In November 2017, Jollof Tutors failed to meet the quality standards of the National Accreditation and Quality Assurance Authority and was instructed to cease operations. But it did not, and you posted pictures online defying those orders. That was rather unwise, don’t you agree?

The issue has been resolved. I think there was a misunderstanding. It was a philosophical misunderstanding in the sense that Jollof Tutors does not issue any certificates to anybody. It’s simply a tutorial centre, meaning that we provide tutorials as it is now, and our students take external exams which is not under our control. So, our argument was that accreditation should be emphasised where the institution gives certificates of its own to people. We still accept NAAQA as it is, and we have been in touch with them. I don’t think it was necessary, and I don’t want to go into the details in this interview. But yes, it came and passed.

In 2018, as secretary to the Janneh Commission, you wrote a 7-page petition to President Barrow accusing lead counsel Amie Bensouda of shady attempts to negotiate and purchase former president Jammeh’s vehicles. What was your gripe in the matter?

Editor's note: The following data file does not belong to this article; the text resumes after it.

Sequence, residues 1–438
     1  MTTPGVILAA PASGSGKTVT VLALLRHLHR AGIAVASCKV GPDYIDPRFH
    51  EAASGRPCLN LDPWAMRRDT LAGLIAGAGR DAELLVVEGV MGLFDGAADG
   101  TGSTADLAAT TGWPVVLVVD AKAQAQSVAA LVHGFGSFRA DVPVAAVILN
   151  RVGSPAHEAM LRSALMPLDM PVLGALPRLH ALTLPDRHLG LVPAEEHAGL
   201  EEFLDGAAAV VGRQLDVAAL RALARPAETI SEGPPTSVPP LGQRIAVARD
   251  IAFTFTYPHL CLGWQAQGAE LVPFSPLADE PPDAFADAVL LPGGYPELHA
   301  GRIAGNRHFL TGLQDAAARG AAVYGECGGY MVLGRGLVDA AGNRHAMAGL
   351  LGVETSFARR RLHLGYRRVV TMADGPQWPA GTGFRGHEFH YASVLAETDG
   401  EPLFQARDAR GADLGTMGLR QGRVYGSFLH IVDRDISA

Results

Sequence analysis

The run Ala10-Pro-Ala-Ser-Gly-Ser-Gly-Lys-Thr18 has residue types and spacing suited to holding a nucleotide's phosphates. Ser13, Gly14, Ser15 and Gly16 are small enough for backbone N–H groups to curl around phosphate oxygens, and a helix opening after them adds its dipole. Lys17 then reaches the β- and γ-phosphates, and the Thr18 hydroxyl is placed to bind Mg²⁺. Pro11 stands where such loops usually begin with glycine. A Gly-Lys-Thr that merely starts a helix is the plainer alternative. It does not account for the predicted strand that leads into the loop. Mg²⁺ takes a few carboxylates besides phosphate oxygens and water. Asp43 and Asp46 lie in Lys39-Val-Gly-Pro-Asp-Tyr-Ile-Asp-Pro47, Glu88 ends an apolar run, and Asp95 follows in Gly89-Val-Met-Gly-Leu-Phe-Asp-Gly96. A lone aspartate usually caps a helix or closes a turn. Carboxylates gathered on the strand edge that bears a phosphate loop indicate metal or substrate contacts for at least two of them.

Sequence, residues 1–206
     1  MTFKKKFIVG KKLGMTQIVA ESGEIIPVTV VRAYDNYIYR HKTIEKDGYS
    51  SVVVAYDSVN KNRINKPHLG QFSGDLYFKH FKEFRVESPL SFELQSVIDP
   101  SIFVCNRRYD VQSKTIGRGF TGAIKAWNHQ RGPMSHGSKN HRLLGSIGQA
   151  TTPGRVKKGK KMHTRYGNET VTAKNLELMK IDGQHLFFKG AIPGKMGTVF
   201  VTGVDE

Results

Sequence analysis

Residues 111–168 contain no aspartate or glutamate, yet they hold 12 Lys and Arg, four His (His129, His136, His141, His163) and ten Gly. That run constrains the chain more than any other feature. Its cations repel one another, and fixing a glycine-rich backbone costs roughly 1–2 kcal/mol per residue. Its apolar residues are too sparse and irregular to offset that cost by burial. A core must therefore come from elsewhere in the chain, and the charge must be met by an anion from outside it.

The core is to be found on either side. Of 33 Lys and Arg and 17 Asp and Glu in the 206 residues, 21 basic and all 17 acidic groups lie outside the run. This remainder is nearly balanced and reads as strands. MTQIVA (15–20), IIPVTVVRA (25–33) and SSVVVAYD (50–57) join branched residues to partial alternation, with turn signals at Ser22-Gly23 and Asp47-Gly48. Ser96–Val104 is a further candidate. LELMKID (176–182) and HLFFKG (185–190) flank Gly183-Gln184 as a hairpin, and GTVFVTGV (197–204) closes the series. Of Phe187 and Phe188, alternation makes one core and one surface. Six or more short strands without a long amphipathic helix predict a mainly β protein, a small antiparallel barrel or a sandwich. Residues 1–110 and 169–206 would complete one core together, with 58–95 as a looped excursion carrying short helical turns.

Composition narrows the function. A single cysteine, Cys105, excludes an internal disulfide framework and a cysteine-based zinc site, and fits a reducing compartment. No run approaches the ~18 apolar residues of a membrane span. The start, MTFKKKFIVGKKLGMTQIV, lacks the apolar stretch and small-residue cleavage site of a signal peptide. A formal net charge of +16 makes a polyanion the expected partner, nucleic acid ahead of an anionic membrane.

It was an internal memo which was leaked to the media. I think everybody has seen it. At the end of the day what is important is… in retrospect, what is the public verdict on the Janneh Commission? I think that is what is important. An investigation has been summoned into the ex-president’s assets. It has taken place and it has been concluded. A report has been issued. But there are two issues here: has that investigation been as conclusive as it should have been and has the government acted in the best interest of the people as they should have in line with the social contract? It’s a transitional government, and it promised the people that [an] investigation will be conducted, and actions taken. Now, on the side of the commissioners they were sworn to owe allegiance to the country, and to the people, not to any individual. As a secretary, I was also sworn in under that term. Have the commissioners properly discharged those allegiances? Also, has the mandate given to the president been properly discharged? On the side of the commission itself in terms of discharging its responsibilities, I don’t think there are many Gambians who dispute my revelations because the basic theme of my protest at the commission at that time was conflict of interest. I still believe that the commission’s work was seriously hampered by conflicts of interest. But the commission’s report, no matter what, whether you disagree with it like some of us, there is a report and it should have been acted on. The recommendations the president promised would be acted on have not been acted on. Many people believe, including myself, that there was selective justice [in the process],